Drunken Bus Driver Not Reported

Co-workers Saw Her Before Crash, Official Says

April 01, 1992|By Donna E. Boller | Donna E. Boller,Staff writer

Drivers for Brown's Motor Tours saw a co-worker who appeared intoxicated before beginning a November school bus run but did nothing aboutit, a county school official said.

Glenn J. Johnson, director of pupil transportation, spoke at a five-hour county school board hearing yesterday on whether a bus contractor should lose the right to transport students.

School officials suspended the 15 contracts held by Brown's MotorTours Inc. March 20, 10 days after a driver for the Elkridge contractor pleaded guilty in District Court to driving while intoxicated in the bus accident that occurred as she was taking students home from Patuxent Valley Middle School Nov. 27.

Much of the testimony focused on the accident. No one was hurt in the crash.

Johnson said he had interviewed five drivers, including one who worked for another contractor, who were at Brown's lot when driver Wanda J. Wilson picked up her bus the day of the accident.

"A number of drivers said it was their strong belief that she was very much intoxicated," Johnson said.

None of the drivers reported their concerns, said Brown's Motor Tours president Keith L. Brown, who was in another area of the lot gassing up buses.

Board member Dr. Karen B. Campbell came down hard on the drivers who saw Wilson and said nothing.

"I am appalled that you tell me there were a number of drivers who noted the unfit state of Ms. Wilson and allowed her to get on the bus," she said.

Attorney Richard D. Neidig, representing the school system administration, refused to release the drivers' names on grounds that they could lose their jobs.

The board began private deliberations after the hearing Tuesday, but gave no indication when it might reach a decision.

Wilson was charged after her bus hit a mailbox and a wooden fence in the 7800 block of Jones Road in Savage and jumped a curb and hita utility pole at Dorsey Run Road and Route 175, police reported. Prosecutors reported that the driver registered a .37 on a Breathalyzertest, nearly four times Maryland's .10 legal alcohol limit.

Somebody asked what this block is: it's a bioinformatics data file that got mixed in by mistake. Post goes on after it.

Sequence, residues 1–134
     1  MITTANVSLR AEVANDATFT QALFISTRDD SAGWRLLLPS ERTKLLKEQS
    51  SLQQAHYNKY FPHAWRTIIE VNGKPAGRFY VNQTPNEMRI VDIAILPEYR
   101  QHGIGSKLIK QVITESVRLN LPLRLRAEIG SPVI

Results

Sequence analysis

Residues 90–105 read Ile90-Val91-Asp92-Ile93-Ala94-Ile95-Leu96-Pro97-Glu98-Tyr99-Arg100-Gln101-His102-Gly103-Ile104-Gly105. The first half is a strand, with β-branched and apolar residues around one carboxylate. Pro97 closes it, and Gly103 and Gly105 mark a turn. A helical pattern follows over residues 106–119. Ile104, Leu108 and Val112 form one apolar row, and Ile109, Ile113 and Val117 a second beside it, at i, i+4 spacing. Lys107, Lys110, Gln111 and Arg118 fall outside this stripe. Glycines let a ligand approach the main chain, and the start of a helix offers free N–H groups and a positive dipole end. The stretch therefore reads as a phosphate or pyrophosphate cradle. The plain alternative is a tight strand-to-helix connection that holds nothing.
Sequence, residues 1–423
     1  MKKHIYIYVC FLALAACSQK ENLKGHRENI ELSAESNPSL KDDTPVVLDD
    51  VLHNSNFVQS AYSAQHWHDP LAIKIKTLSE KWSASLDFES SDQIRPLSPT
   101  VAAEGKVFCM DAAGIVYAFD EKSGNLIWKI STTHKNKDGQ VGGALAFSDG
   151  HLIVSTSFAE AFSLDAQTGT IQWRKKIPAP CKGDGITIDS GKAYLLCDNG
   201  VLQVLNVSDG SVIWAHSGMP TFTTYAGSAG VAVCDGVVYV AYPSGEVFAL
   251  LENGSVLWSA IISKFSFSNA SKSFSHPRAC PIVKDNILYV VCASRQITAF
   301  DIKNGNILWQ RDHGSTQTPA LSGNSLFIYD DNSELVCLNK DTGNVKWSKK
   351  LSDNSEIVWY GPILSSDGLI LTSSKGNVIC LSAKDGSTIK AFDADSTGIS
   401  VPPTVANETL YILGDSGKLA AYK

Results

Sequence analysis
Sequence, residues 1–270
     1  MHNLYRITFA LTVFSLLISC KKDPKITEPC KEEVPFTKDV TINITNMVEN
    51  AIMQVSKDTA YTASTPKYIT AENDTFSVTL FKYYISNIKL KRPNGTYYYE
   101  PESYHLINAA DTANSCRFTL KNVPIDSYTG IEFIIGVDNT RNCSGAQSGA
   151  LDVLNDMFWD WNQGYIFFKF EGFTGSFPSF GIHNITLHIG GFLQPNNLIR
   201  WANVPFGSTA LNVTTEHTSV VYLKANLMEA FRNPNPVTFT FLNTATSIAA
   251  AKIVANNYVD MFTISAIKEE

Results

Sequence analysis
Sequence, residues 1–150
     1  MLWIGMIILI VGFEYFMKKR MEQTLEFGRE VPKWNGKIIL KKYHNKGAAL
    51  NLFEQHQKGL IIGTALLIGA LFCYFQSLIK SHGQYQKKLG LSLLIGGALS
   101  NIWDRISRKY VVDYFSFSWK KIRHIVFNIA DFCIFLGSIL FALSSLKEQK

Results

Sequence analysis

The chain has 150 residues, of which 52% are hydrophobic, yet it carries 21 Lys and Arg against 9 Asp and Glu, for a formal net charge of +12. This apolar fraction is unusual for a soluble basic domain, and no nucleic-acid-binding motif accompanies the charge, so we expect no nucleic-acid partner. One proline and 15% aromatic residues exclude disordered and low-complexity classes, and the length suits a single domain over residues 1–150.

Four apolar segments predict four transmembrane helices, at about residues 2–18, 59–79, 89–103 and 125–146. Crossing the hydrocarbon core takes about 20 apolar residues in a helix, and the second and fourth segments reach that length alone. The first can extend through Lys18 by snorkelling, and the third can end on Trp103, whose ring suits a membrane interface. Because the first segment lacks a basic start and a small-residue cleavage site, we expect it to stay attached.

"I wasn't going back to work that day," Wilson told the board. She said she was upset on Nov. 27 and broke her rule of never drinking until after she finished her last bus run of the day.

Instead, she began todrink after the morning run and didn't follow through on her plan toask Brown to get a substitute for her for the afternoon run, she said.

"I don't remember anything after about 10 o'clock that morning," she said.

Neidig told the board that Wilson's accident is just one factor in the recommendation to terminate Brown's contracts. He said Keith Brown has proven unable to manage an operation of 15 contracts and 20 buses.

"As a staff, we're telling you we're not getting our money's worth" from the contract, Neidig said.

Johnson said a staff review of Brown's contracts back to April 1, 1988 showed: $25,000 in overstated mileage from the October 1991 mileage report; 24 major safety defects in bus inspections (a major defect is one for whichthe Motor Vehicle Administration lifts the bus's license plates until it is corrected); driver fitness and competence questions.

Johnson said Brown's contracts "have been a declining situation over the last 3 1/2 years or so. You just get to a point where you have to say,'Enough is enough.' "

He said Wilson's accident alone would not have justified terminating all Brown's contracts, but said his recommendation was based on the combination of factors.

Brown disputed the mileage calculated by the pupil transportation staff. He said mileage dropped between October and January because routes laid out at thestart of the school year are often shortened as drivers find more efficient ways to run the route. He said 11 of the major defects were corrected and the bus license plates returned before the inspector left and the remainder were corrected the following day.

Drivers for Brown countered competence questions reported in pupil transportationmemos, including one report that a driver was speeding up a hill.

"You cannot take a diesel bus and go 47 mph up a hill," said driver Beverly Pavlik of Jessup, who added that she went to court and the ticket she had received was dropped.

Brown's drivers and other contractors rallied behind the contractor, picketing in front of the Department of Education office before the hearing.

"It's not just Keithon trial here this morning," said Barbara J. Ely, president of the county school bus contractors association. "It's everyone."

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